Saturday, December 28, 2013

Tikal Time

Map of Tikal Park - Jungle Lodge hotel was right in the middle of it all.
We took the afternoon flight from Guatemala City to Flores and then an hour shuttle to the Jungle Lodge in Tikal. The lodge was rustic and nothing to write home about, but the location couldn't be beat. We were inside the "park" and in the middle of the jungle. The weather was much closer to what I was anticipating for Guatemala with a ton of humidity and accompanying mosquitos. I think I got dozens of bites just in the 10 meter walk from the restaurant to our room. We listened to the sounds of the jungle and then headed to bed because we had an early start the next day.

We woke early to take advantage of the location and tour the park before the tourist shuttles arrived from Flores. We entered the park at 6:00am with our headlamps on as it was still dark. It was creepy to walk in the dark with the sounds of the howler monkeys nearby. We had heard stories that they throw their feces on tourist that stand under the trees. Uggh. We were able to avoid that fate, but couldn't escape their early morning wake-up calls:

Monkeys in the trees of Tikal - don't look up!

We were rewarded for our early start with a quiet park and few others wandering around. Unfortunately it was overcast with some low hanging clouds which lingered all day...but at least we didn't wake up at 4:30am for the "sunrise" tour, as there was no discernible sunrise to be had anyway!

Gran Plaza and Templo I
Tikal was one of the largest Mayan cities and boasts dozens of well-preserved temples and structures. Templo I (above) is one of the largest and stands 154 feet tall. It was built around 750A.D. and was the tomb of Jasaw Chan K'awil. The structures are in such great shape that it’s hard to imagine that they were built that long ago. We visited about half the park, climbed over the ruins and watched the monkeys before heading back to our hotel for the free breakfast and a nap before we had to check out at 1:00pm.  This seemed like a pretty efficient way to see the park and get some sleep in between, again taking advantage of having a hotel room in the park.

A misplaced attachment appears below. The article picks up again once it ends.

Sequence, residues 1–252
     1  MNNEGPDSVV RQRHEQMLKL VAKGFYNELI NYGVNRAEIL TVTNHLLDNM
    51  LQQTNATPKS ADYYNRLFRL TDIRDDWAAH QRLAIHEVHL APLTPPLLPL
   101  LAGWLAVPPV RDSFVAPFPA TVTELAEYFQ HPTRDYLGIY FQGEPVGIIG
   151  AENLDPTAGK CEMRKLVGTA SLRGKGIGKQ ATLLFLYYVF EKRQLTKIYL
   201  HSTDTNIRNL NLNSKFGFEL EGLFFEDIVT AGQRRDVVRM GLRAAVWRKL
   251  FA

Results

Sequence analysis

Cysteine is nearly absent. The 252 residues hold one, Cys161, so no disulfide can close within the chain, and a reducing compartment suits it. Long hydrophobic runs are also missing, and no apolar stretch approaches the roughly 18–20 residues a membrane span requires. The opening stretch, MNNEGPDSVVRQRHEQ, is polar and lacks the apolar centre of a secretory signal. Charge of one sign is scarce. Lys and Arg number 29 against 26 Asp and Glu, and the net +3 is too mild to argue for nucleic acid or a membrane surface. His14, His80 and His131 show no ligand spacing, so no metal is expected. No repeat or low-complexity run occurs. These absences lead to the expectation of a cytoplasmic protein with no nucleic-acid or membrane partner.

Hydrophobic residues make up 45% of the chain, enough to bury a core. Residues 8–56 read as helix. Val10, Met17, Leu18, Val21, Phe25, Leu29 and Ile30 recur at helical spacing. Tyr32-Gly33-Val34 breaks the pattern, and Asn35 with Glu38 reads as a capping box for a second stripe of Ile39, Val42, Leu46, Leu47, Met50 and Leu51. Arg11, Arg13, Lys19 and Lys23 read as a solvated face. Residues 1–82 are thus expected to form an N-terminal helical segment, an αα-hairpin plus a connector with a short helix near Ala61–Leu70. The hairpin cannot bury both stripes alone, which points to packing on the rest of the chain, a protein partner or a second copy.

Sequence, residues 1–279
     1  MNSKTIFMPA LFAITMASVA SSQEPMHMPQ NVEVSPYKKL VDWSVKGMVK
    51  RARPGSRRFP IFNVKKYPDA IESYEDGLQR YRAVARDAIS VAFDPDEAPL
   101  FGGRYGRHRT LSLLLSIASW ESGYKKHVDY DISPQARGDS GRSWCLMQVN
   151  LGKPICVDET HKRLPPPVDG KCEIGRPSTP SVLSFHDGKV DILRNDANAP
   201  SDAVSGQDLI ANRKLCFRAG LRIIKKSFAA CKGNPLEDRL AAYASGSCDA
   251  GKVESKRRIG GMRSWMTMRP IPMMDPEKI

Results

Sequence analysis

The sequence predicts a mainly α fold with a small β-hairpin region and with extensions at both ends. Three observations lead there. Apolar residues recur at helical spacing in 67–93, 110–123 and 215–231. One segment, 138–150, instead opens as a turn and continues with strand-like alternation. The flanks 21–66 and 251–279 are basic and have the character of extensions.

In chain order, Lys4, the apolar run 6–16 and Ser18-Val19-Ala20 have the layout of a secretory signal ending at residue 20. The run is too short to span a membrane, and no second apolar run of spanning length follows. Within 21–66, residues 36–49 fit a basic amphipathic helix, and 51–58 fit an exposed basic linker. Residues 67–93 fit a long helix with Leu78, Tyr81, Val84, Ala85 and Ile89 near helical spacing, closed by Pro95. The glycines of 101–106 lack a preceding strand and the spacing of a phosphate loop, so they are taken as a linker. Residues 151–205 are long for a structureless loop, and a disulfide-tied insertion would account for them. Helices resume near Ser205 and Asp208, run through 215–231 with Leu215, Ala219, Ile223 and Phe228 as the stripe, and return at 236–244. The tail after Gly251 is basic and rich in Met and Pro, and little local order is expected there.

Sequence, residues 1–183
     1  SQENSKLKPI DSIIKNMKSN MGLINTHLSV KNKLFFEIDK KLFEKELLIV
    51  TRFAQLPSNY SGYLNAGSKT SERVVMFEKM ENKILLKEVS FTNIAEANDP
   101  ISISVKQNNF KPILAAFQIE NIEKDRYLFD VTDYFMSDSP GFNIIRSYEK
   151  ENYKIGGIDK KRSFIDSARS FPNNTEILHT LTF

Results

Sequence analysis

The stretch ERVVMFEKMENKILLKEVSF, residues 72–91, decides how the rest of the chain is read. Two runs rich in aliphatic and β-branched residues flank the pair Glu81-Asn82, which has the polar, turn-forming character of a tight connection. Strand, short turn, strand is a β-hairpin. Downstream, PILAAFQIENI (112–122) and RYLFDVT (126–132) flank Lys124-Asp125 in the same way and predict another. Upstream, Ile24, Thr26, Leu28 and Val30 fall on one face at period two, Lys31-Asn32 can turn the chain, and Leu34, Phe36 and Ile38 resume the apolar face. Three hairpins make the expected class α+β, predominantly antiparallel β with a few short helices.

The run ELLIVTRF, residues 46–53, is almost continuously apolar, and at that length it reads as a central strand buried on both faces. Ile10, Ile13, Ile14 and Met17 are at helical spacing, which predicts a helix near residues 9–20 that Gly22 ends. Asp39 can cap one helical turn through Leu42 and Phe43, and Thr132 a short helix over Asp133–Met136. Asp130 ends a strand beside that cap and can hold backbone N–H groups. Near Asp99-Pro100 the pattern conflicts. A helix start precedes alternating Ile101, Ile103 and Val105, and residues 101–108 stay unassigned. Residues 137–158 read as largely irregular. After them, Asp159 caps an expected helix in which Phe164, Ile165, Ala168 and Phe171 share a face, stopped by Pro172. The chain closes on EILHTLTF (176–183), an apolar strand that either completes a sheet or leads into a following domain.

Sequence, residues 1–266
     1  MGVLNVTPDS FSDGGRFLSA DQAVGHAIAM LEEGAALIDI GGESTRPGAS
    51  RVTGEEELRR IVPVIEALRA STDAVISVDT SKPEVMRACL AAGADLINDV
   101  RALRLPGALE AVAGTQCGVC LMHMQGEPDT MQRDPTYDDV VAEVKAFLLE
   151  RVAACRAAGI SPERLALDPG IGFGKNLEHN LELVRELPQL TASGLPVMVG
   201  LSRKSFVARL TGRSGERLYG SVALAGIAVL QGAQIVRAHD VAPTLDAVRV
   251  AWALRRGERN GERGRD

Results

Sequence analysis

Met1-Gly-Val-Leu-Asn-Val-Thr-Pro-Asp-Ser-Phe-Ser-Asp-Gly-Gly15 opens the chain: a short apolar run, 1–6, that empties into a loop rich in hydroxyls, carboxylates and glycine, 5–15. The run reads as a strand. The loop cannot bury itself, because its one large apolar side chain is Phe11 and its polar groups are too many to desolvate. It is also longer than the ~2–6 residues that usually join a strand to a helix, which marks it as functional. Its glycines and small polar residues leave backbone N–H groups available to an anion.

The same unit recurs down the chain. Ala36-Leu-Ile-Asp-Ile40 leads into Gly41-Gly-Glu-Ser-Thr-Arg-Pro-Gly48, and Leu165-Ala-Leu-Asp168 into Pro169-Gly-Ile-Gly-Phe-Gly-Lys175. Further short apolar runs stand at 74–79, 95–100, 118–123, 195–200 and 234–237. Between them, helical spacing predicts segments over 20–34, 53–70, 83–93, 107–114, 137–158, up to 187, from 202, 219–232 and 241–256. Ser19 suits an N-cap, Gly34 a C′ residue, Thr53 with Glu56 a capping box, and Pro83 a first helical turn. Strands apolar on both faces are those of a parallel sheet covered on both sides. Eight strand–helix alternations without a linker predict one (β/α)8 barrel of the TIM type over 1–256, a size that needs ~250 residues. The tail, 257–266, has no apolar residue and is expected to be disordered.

After checking out we headed back out to tour the other half the park. Despite it being a Saturday during high season, the park never seemed all that crowded to most of the outer ring temples and ruins, we had the place pretty much to ourselves. We didn't hire a guide for any portion of our day, instead saving relevant web pages on Tikal to the iPad and reading those as we visited each section. Some of the of the paths around the outside ring were pretty decent walks between seeing anything or any person, and you could even see some ruins that were yet to be excavated, still looking like a hill of dirt and rocks with trees growing out of it.

Templo V (no climbing, limited step-sitting allowed)

Exploring the ruins of Tikal

Stopping to smell the palm leaves (?) near Templo VI

Juli climbing the steps of ruins in Zona Norte

View from the top of Templo IV (Templo I and II in the distance)

Collared aracari snacking at our hotel

After a long day of walking, we returned to our hotel where we had arranged for private transportation to the Belize border.  The trip took about 2 hours, alternating between paved and unpaved roads.  When we got to the border, our driver was happy to help us spend our last Quetzals and show us how to cross the border.  We entered Belize without any fanfare and grabbed a “cab” to San Ignacio.  

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